Death and Evolution: The Varying Degrees of Knowing

In science, in life, there are facts. “Facts” are ideas that a large percentage of the educated population has accepted for the time-being as pretty damn likely. The evidence for these facts comes either from our own common sense and life experience or from the consensus of the scientific community.

Two Examples: Death and Evolution

Often times these facts are treated casually as obvious things. I’d like to look at two examples:

  1. Each of us is going to die one day.
  2. We evolved with chimpanzees and gorillas from a common ape ancestor who lived about 6 million years ago.

The first fact is an example of something we know from our own common sense observations. The second fact is one we know from the consensus of the scientific community.

These two simple pieces of information (along with several others) happen to be ones that have occupied my mind from when I first realized school isn’t just a place I go to and try to get an “A”, but is a place where I get to learn things about stuff I’m interested in.

The Philosophical and the Pragmatic

My relationship with these facts has evolved. The death question leads to the usual  questions… What is the purpose of it all? Where does the sense of morality come from? The existentialist bunch (from Dostoevsky to Nietzsche to Sartre to Kafka) addressed this over and over and over in their work, in various forms, as if through sheer quantity of words they could somehow get closer to an answer that would satisfy them (and us). And as I read more and more my “knowing” of this fact of death changed.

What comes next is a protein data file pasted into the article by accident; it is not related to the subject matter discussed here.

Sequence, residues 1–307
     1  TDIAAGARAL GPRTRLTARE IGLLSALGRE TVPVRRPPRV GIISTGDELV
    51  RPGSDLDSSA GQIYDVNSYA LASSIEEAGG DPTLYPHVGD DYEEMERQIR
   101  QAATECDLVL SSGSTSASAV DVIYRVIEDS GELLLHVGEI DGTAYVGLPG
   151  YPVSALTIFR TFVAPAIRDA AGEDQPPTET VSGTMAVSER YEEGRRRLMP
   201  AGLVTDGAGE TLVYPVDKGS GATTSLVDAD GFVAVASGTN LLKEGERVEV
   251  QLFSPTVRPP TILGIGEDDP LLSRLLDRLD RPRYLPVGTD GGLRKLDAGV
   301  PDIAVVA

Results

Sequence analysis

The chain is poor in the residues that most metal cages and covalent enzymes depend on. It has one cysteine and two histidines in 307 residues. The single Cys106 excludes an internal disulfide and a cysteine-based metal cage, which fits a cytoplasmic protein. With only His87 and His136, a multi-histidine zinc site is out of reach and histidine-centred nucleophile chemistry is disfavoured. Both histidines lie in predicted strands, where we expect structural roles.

I think it’s easy to dismiss a teenager’s view of such subjects, but I believe I knew the fact of death most deeply at about age 19. Because of how much focus I dedicated to reading existentialist literature at the time, the overwhelming uncertainty and absurdity of it all was deeply internalized by my mind. The feeling of it was most distinct. That’s when I really “knew” it. I would hit moments of real fear of knowing so little about myself and the world around me. Today, death is less philosophical, and more pragmatic like the knowledge that a car (even if it’s a Toyota) will eventually break down. You repair it, you take care of it, and deal with problems as they arise. Sometimes the more I learn the more I know, and sometimes the more I learn the more tired I grow of caring. The knowledge that can fascinate us can also break us. You have to tread carefully and purposefully with such challenging ideas.

Early Humans vs Modern Humans

The same goes for the second fact of evolution. When I read about early humans struggling to develop simple stone tools, hitting rock against rock to make a sharper rock, I am filled with awe. It challenges the common sense brain I use for getting out of bed in the morning, for making breakfast, for going to work, having goals, making money, spending money, talking to friends, etc. The view of the “life force” over millennia puts the daily life of modern humans into an absurd light.  Perhaps “awe” is not the right word. I oscillate between fascination at the glimpse of the mysterious around us and fear of the immense uncertainty of it.

Varying Degrees of Knowing

Most of us “know” the basic facts of reality today. But for most of us the relationship with these facts varies and constantly changes in depth, perspective, and how it effects the way we approach the activities of life.

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